It's been said a library opens up a world of adventure.
With that in mind, a Grove teen has placed a new "map" on West Third Street, designed to open up new worlds for children.
On Saturday, April 20, Sierra Campbell officially opened "Sierra's Little Free Library.
"I love that I can be taken to a whole different time and place while turning the pages [of a book]," Campbell said. "When I was little, I had a passion for reading - I did it all of the time.
"I always wanted my own library like Belle in Beauty in the Beast."
As a young reader, Campbell said she fell in love with a variety of books including the Magic Tree House, Hank the Cowdog and Junie B. Jones.
"My favorite time of the day was nap time and bedtime because I knew I would get to pick out a book for my mom to read to me, which normally turned into four or five books," Campbell said. "As time went on, my love for reading grew.
"It was a rare sight to see me without a book in my hand. The summer of my second grade year, I checked out more than 250 books from the local library and read each one of them."
Campbell said she hopes children will find a book at the little library which will become a childhood favorite. Books in the little library are geared for children infant through 12-years of age.
Campbell said she decided to start the initiative after seeing similar projects "pop up" in rural communities.
"I wanted to share some of my favorite childhood books with local children, and encourage them to read," Campbell said. "I really hope that Sierra's Little Free Library takes local children on many adventures."
Campbell believes the encouragement her parents, and other family members, gave her as she explored reading has helped mold her into who she is now.
She also credits three elementary teachers for encouraging her love of reading - Courtney Murphy, Linda Tunnell and Shandy Bowers.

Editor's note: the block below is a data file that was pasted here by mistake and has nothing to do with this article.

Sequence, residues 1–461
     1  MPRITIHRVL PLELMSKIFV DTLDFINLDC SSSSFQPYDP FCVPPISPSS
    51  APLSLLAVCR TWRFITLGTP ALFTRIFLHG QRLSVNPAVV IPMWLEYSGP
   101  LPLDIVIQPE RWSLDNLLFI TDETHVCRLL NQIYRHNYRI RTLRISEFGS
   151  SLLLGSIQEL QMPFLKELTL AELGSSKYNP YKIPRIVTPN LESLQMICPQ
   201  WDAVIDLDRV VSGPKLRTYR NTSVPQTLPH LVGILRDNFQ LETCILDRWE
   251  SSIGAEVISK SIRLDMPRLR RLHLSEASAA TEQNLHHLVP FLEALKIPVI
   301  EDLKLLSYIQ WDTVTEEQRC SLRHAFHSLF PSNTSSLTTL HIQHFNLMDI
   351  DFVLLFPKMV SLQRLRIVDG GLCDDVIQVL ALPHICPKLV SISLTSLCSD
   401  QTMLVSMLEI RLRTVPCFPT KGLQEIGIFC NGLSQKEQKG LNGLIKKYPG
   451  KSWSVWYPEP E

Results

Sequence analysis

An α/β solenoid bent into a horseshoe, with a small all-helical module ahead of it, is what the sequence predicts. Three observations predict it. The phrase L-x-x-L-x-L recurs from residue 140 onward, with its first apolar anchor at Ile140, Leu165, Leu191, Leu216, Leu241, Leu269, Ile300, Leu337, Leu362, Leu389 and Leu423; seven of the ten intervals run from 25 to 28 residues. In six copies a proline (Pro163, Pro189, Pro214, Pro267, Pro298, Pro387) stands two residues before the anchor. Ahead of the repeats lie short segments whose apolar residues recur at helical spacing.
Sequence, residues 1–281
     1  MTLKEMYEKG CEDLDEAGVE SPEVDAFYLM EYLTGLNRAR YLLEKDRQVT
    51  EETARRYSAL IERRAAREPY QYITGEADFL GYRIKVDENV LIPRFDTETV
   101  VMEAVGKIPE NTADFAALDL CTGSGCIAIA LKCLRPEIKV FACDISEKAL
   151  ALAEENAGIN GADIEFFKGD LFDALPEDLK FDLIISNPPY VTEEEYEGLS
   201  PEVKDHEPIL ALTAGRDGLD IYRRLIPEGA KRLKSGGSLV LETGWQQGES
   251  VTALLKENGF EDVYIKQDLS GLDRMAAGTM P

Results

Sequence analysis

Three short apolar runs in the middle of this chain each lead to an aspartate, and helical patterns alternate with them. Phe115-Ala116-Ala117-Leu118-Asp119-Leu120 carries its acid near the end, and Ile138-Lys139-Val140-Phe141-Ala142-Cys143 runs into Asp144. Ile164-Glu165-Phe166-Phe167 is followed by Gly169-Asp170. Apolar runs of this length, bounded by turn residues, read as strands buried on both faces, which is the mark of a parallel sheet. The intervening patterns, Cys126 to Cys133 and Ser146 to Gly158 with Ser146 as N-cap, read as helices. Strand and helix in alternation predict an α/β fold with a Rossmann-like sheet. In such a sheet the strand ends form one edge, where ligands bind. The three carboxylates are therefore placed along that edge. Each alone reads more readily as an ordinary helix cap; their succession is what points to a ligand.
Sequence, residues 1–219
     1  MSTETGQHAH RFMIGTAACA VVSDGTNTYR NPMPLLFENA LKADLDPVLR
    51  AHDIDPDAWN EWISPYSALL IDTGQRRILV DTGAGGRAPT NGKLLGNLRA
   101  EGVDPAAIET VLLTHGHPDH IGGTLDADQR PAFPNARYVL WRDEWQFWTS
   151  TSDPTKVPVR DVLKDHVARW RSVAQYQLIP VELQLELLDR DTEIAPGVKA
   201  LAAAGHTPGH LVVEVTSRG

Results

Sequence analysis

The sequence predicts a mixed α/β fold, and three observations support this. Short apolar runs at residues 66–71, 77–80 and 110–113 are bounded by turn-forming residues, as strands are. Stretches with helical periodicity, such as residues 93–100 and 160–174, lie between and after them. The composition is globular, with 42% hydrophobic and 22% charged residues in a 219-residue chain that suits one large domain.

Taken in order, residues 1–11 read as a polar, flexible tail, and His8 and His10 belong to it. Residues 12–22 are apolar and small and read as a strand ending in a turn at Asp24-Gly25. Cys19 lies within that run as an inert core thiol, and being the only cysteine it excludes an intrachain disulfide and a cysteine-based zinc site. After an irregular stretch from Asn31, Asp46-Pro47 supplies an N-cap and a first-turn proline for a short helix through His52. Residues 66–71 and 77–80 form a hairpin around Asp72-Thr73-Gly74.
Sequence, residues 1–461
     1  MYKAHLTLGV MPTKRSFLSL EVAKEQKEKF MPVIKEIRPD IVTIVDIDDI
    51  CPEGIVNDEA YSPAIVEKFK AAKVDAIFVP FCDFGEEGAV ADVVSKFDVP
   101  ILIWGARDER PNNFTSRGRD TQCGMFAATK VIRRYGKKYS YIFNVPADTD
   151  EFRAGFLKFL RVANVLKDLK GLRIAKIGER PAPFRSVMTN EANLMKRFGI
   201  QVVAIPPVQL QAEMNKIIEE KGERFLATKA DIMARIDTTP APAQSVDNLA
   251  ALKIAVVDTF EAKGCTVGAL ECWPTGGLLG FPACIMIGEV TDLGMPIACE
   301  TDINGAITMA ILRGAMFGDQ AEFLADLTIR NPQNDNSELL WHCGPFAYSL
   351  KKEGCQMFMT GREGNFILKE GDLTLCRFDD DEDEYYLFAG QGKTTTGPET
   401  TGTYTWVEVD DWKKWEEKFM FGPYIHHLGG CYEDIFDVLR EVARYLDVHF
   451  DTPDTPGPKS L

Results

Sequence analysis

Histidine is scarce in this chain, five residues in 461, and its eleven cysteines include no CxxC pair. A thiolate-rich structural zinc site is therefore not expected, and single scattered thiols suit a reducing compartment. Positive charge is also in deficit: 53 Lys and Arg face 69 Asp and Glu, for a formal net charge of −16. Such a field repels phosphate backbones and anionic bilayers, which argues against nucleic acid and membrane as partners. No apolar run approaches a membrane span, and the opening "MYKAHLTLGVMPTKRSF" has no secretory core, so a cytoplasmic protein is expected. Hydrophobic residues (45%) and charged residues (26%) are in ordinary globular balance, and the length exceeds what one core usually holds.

During Saturday's ribbon cutting, Campbell was joined by several members of her family, as well as friends.
Gayle DuBois said she was "super excited" to see the little library and hopes it encourages younger students to read.
"Many years ago, Linda Fracek and I found website where you could log in a book, and leave it in a random location to see who might pick it up and read it," DuBois said. "Those books you loved, but knew you wouldn't read again."
Kyralee Wehrle, 7, was one of the children who took part in the ribbon cutting.
A first grader in Grove, Wehrle said she loves to read because she "gets to learn new words."
"I get to learn big words too," Wehrle said with a grin.
The youngster said her favorite book to-date is the Lion King, because "Simba gets to be king."
She's also reading a chapter book at school about lions.
"People need to use the library so they know how to read when they are grownups," Wehrle said.
Sylvia Able, a new resident of Grove, was at the library's opening. She said her previous subdivision's park, in Kansas City, hosted a similar free library.
Able said she often used the little library and was thrilled to see one in Grove.
Her grandson, Cullin Flanagan, 8, said he found one of his favorite childhood books "Horrible Harry and the Drop of Doom" at the little library while visiting his grandmother in Kansas City.
Flanagan and his younger brother, Eamon, 2, spent time reading a book on the bench located next to the little library after the ribbon cutting.
How It Works
Located outside of DarLynn Embroidery, the library - and accompanied bench - is designed to give children a new place to find a favorite book.
The idea is simple people can borrow a book - with no strings attached - for an undetermined amount of time. Readers are not only encouraged to return the book - to exchange for another - they are asked to add to the collection.
Lorrie McPhereson, owner of DarLynn Embroidery, has agreed to help fill the box. She will keep donations in her store, and refill the box as needed.
Each book will be inked with a stamp reading "Sierra's Little Free Library - Read It, Love It, Return It."
The effort is the newest initiative of the Be The Change Grove non-profit run by Campbell's mother, Mandy, and Nicky Bassett.
In addition to the little library and other ventures, volunteers with the non-profit have placed Blessing Boxes for non-perishable food items in various locations throughout the region.